Solved! The Fastest-Growing Grass Seeds for a (Nearly) Instant Lawn
For a lush lawn that comes in quickly, plant these grass seeds sure to grow in a jiffy.
Q: I want to reseed some bare patches on my lawn—and don’t want to wait too long to see results. What are the fastest-growing grass seeds?
A: Waiting for typical turf grass seeds to sprout and mature can be like—well, watching grass grow! After all, the average grass seed can take eight weeks or more to germinate (i.e., produce seedlings that emerge from soil) and turn into an established lawn that’s ready for foot traffic. Fortunately, fast-growing grass seed can go from seed to turf in as little as five weeks—an advantage when seeding bare soil or reseeding patches left by erosion or pets. Read on for the low-down on which seeds to sow for speedy, lasting grass growth.
Choose a grass that thrives in your climate zone.
Not all fast-growing grass may tolerate the temperatures where you live, so select the right seed for your climate zone: either cool-season or warm-season. Cool-season grasses thrive in places with temperate summers and many below-freezing winter days—think Northern California, the Pacific Northwest, the upper Great Plains, the upper Midwest, and New England. Warm-season grasses grow best in areas that see hot summers and milder winters, such as the Deep South and the southeast. Live in the “Transition Zone” between the north and south (e.g., from Southern California going east to the Virginias)? Both cool- and warm-season grasses will grow well, so take your pick or plant a warm-season grass first, then overseed it (plant over it) with a cool-season grass.
The fast-growing cool-season grasses include ryegrass, rough bluegrass, and tall fescue.
- Ryegrass seeds (both perennial and annual) germinate in five to 10 days and yield an established turf of shiny, fine-textured, dark green blades within five to eight weeks of seeding.
- Rough bluegrass seeds take seven to 10 days to germinate and mature into a fine-bladed, light-green turf within 5½ to 8 weeks of seeding.
- Tall fescue seeds need seven to 12 days to germinate; they typically grow into a moderately dense, medium to dark green turf within 5½ to 8½ weeks of seeding.
The fast-growing warm-season grasses include Bermuda grass, centipede grass, and buffalograss.
- Bermuda grass seeds germinate in 10 to 30 days and form a dense, dark green established lawn within six to 11 weeks of seeding.
- Centipede grass seeds need 14 to 21 days to germinate and mature into a turf of wispy, light green blades within 6½ to 9½ weeks of seeding.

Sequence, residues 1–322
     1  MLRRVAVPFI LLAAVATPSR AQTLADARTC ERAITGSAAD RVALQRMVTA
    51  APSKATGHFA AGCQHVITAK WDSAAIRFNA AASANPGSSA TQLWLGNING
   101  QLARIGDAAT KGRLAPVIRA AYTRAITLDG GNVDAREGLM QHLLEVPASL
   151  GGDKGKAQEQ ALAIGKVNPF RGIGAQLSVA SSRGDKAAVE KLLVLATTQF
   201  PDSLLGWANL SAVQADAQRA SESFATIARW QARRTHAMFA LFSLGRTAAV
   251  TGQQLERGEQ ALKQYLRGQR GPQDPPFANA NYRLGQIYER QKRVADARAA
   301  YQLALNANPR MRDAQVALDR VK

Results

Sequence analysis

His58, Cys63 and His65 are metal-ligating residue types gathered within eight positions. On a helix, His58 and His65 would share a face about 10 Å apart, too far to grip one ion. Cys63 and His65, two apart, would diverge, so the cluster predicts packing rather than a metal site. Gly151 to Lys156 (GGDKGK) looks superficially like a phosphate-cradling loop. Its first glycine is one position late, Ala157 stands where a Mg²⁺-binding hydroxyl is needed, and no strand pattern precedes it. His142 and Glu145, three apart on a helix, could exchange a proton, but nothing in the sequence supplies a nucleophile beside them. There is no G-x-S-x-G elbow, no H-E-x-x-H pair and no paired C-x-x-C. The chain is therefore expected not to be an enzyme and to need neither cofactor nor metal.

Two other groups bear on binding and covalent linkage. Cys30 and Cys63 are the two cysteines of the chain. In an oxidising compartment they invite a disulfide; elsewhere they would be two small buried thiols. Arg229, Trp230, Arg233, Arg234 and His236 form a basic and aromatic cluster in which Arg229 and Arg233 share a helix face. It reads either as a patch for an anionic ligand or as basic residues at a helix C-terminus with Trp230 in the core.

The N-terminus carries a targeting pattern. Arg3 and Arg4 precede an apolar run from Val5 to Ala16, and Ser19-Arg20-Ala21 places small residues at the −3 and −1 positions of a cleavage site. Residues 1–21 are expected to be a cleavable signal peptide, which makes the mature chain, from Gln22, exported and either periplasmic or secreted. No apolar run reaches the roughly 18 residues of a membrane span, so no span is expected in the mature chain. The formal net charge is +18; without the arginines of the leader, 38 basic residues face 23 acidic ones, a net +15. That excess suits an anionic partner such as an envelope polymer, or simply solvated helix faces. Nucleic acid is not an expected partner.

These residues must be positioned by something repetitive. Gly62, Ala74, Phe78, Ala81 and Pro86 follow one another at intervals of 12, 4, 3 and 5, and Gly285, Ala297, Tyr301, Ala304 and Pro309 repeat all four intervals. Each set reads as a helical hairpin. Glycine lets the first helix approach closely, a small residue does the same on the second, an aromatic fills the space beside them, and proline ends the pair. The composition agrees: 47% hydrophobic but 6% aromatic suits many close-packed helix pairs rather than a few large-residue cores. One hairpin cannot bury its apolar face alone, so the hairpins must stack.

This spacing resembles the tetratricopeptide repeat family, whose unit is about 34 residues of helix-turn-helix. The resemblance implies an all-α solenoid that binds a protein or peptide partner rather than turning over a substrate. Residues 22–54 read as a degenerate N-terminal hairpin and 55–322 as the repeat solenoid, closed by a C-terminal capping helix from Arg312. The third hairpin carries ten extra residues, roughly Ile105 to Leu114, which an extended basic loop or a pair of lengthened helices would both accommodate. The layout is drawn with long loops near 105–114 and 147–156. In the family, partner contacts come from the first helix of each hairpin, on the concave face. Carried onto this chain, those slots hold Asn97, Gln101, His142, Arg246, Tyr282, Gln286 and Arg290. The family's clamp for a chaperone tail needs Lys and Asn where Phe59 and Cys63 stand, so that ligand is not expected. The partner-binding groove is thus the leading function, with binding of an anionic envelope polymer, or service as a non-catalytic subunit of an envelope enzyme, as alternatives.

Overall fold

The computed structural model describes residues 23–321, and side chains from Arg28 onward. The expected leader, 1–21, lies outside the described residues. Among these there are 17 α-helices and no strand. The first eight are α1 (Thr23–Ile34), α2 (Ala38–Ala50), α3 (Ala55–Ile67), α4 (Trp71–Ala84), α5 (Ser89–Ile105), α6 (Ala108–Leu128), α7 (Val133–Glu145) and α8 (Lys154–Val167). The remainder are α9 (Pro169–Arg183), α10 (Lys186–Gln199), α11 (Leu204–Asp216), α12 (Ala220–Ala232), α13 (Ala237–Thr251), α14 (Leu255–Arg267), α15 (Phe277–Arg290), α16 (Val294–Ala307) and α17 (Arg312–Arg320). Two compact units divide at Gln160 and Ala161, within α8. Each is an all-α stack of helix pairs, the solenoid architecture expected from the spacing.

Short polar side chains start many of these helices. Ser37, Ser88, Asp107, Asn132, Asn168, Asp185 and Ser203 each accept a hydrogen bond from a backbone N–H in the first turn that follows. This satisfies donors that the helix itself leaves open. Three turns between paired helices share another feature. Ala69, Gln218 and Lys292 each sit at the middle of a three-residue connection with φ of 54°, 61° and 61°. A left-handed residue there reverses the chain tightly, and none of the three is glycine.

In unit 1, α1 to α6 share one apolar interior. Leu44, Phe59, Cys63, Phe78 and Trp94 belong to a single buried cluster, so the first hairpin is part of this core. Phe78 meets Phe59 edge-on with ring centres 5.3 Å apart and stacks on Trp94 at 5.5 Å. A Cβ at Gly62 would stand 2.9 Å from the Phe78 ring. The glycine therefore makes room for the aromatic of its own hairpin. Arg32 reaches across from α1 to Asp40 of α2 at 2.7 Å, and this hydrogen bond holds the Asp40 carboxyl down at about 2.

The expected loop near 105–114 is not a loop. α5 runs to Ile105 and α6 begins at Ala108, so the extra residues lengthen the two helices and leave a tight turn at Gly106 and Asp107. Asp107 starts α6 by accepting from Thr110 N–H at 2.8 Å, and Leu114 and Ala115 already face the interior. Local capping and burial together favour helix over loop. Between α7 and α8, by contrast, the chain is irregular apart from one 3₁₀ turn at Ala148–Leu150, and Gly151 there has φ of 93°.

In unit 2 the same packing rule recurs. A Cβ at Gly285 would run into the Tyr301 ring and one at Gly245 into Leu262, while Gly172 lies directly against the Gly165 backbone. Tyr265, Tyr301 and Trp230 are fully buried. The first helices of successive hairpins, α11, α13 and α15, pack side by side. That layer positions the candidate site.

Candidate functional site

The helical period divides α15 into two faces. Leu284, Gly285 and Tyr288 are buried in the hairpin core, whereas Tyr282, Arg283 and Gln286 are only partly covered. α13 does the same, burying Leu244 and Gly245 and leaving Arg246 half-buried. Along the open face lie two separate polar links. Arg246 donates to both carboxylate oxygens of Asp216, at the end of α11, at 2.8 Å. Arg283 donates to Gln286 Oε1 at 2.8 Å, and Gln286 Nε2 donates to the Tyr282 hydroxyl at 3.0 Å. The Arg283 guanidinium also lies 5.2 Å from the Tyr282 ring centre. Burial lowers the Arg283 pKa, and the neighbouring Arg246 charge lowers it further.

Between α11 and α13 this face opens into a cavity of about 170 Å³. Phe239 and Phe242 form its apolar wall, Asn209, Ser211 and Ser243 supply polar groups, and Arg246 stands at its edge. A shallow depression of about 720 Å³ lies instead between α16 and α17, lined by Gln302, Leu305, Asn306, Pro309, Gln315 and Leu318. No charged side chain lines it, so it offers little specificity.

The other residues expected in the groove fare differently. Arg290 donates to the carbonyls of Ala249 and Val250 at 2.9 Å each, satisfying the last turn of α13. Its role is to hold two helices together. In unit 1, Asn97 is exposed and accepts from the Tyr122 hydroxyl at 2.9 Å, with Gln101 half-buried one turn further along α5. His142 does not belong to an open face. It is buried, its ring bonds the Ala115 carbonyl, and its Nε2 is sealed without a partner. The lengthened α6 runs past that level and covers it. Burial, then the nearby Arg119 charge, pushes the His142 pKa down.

- Buffalograss seeds take 14 to 30 days to germinate and form a thin, softly-colored blue-green established turf within 6½ to 11 weeks of seeding.
Time grass planting for speedier growth.
Plant during the seeds’ active growth phase to ensure that grass will grow within the shorter period of the growth ranges listed above.
- Generally speaking, plant cool-season grasses in early fall or spring, as these seeds germinate fastest when soil temperature (as measured by a soil thermometer, available on Amazon) is between 50 and 65 degrees Fahrenheit (this usually corresponds to a daytime air temperature between 60 to 75 degrees Fahrenheit).
- Plant warm-season grasses in early summer or spring, as seeds germinate the fastest when soil temperature is 70 to 90 degrees Fahrenheit, which usually corresponds to a daytime air temperature of 80 to 95 degrees Fahrenheit.
Overseed warm-season grasses with cool-season grasses for faster turf growth.
As indicated by the growth periods above, cool-season grasses grow faster on the whole than warm-season grasses. So if you live in a warm or transitional climate zone and will be growing a warm-season grass (e.g., Bermuda), consider overseeding it with a cool-season grass like Ryegrass. You’ll see grass sprout sooner thanks to the faster-growing cool-season grass and eventually get the benefit of a more heat-resistant lawn when the warm-season grass grows.
Mow more often.
Not surprisingly, fast-growing grass requires more mowing to keep blades at the optimal height recommended for the species (usually listed on the seed packaging). While the typical lawn may need mowing every one to two weeks, the speediest of the fast-growing cool- and warm-season grasses demand more frequent mowing to keep turf tidy. For example, Bermuda grass generally calls for mowing every five to seven days to keep it at an optimal height of one to two inches, while ryegrass needs a trim every seven to 10 to days to maintain a height of 1½ to 2½ inches.